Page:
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Ken Ehrlich Pays Tribute to Aretha Franklin With Joyous Grammy Tribute

When it comes to television, Ken Ehrlich is Aretha Franklin’s “Do Right Man.” The TV producer worked with the late Aretha Franklin for the first time in 1981 at his second-ever Grammys at Radio City Music Hall. Now his AEG Ehrlich Ventures is executive-producing (along with Clive Davis and Doug Davis) “Aretha! A Grammy Celebration for the Queen of Soul,” latest in a series of Recording Academy-sanctioned specials to air on CBS in March after the Grammys, following similar tributes to Stevie Wonder, the Beatles and Frank Sinatra.

The special was taped before a live audience Sunday night at the venerable Shrine Auditorium, an ornate house that turned into a rocking gospel church for most of the taping. Even with frequent stoppages to change sets, the high-energy crowd remained galvanized, from Jennifer Hudson (above) delivering an opening medley of Aretha’s ‘60s soul classics, bookended by “Think” and a fiery “Respect,” to the final foursome of Andra Day, Brandi Carlile, Alessia Cara and Fantasia joining ranks on a climactic “(You Make Me Feel Like) A Natural Woman.”

The producer insists the latter choice had nothing to do with Grammy night controversy over female representation. “I wanted to keep it young,” says Ehrlich, who has previously worked on versions of the song with Aretha for “Duets” and “Divas.” “The idea of having this next generation sing it reinforces the idea of passing the torch. I think you’ll find this year’s Grammys — just because of the state of music today — will be responsive to what happened last year, not deliberately, but as a result of the current nominations, the way things are right now.”

One of the evening’s highlights was Celine Dion’s take on Sam Cooke’s “A Change Is Gonna Come,” a song Aretha once memorably covered. The idea of Dion singing before a montage of civil rights history seemed slightly eyebrow-raising, but when the diva opened her mouth, resplendent in a billowing yellow gown, the multi-racial audience shouted their appreciation.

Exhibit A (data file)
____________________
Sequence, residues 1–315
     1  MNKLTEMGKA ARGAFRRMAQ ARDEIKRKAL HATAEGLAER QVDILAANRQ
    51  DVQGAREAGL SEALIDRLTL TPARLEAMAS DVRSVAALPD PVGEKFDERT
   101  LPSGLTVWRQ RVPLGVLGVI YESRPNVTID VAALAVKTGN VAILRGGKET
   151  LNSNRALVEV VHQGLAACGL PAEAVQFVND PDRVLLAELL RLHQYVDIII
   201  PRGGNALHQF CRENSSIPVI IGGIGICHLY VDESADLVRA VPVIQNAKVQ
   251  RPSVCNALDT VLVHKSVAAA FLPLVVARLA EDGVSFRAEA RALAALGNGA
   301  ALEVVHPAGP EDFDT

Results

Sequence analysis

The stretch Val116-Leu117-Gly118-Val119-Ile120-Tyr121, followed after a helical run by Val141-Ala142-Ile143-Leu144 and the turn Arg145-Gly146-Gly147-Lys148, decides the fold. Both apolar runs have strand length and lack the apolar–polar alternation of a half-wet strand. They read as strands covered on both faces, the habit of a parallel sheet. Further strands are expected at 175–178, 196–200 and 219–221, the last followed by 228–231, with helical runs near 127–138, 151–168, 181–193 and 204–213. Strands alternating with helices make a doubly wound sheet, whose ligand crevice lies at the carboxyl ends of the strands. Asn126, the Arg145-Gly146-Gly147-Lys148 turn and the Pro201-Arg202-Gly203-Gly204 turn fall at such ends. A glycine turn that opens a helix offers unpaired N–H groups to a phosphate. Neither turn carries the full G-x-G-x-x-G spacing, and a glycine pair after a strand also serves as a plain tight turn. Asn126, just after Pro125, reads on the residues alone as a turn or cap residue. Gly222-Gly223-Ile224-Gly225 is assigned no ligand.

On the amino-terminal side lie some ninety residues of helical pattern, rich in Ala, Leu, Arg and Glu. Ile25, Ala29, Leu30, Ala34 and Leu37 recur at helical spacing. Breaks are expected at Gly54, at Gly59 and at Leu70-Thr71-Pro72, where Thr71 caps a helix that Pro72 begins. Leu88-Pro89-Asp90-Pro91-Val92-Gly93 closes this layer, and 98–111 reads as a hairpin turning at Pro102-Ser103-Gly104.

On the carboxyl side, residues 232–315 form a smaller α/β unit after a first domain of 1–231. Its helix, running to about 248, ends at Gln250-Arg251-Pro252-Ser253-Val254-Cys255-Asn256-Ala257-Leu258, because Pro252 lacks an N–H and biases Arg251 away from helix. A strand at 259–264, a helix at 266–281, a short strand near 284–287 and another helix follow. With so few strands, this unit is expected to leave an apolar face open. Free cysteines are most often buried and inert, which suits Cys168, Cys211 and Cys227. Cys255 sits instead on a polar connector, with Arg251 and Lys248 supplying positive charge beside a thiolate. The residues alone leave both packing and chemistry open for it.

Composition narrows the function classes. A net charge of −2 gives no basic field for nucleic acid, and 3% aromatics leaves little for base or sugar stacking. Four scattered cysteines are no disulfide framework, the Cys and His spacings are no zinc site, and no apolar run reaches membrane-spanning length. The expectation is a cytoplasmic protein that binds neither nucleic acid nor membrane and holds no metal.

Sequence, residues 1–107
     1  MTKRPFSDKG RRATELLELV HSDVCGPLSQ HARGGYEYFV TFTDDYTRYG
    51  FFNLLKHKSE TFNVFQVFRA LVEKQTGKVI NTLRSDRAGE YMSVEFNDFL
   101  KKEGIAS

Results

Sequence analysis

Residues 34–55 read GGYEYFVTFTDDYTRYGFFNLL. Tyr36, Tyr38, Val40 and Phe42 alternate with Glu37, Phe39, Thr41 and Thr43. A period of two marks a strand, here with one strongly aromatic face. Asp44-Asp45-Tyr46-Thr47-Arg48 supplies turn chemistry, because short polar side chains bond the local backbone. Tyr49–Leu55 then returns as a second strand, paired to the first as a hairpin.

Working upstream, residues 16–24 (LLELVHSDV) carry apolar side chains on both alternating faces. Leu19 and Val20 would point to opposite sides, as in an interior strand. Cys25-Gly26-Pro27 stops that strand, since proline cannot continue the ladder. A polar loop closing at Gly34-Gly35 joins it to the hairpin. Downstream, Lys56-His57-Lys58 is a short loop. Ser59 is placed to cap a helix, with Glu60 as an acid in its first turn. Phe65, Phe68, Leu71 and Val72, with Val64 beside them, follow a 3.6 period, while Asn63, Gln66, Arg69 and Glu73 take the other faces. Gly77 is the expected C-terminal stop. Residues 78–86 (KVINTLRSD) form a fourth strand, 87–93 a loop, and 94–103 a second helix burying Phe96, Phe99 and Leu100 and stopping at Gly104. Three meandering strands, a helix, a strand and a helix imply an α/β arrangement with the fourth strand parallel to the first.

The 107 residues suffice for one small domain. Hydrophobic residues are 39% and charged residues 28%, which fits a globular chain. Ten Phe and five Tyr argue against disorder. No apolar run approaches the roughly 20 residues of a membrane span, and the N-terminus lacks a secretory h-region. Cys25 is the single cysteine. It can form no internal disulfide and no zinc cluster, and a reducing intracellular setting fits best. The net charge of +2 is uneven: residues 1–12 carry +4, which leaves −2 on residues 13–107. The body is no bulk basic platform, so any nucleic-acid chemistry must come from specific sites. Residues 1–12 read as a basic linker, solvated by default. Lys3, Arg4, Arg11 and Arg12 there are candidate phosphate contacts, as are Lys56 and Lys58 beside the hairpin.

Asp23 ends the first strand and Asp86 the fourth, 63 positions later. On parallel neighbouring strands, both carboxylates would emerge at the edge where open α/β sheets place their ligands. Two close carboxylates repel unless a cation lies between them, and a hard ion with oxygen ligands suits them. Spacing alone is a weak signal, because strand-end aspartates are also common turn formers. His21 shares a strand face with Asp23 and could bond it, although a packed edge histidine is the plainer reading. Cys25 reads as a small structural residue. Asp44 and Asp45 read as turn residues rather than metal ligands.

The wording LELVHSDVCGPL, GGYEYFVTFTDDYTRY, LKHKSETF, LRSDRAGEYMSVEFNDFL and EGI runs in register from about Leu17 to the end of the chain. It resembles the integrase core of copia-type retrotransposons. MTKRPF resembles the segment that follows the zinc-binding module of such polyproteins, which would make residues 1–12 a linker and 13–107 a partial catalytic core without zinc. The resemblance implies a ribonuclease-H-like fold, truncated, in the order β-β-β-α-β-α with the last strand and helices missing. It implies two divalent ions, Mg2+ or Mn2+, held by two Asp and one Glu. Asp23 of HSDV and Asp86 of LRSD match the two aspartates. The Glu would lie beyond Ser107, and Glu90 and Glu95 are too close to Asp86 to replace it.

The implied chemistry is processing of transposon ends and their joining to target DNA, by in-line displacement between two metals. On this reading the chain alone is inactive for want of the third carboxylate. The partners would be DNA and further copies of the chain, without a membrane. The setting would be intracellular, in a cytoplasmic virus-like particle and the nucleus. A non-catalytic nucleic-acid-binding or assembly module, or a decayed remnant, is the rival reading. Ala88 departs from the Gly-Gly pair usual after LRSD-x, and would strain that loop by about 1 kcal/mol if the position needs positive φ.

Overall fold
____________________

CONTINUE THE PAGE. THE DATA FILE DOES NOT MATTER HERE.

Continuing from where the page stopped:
“That was her idea,” said Ehrlich. “I sent her a list of five or six, and that’s the one she wanted to do. I’ve seen her enough to know she could pull it off musically. She has an incredible instrument, but she sings from the heart. She exceeded all my hopes. You could see it in the audience reactions. They loved her doing it.”

Other standout moments included an Alicia Keys/SZA pairing on a medley that included “When I Think About You” and “You’re All I Need to Get By,” H.E.R. jazzing up “I Say a Little Prayer” and John Legend’s cover of Aretha’s cover of “Bridge Over Troubled Water.” Most roof-raising Yolanda Adams, Bebe Winans and Shirley Caesar teaming up for a tribute to Franklin’s gospel side, preceded by a lengthy film clip of Aretha singing one of those numbers, “How I Got Over,” culled from the new documentary “Amazing Grace.”

“To me, it’s all about performance,” says Ehrlich. “I’ve always felt, if something works in the house, people at home will get it.  And last night worked in the house.”

While this Aretha Franklin tribute takes the place of the one Clive Davis and Doug Davis planned for New York, it doesn’t necessarily preclude an Aretha segment at this year’s Grammy Awards.

“Not at all,” says Ehrlich. “And to be honest, it would be in our interest to do one, considering this show won’t air until afterward.  And it makes sense to use some of the same artists. But that show’s still a month away, which is a lifetime in Grammy world.”

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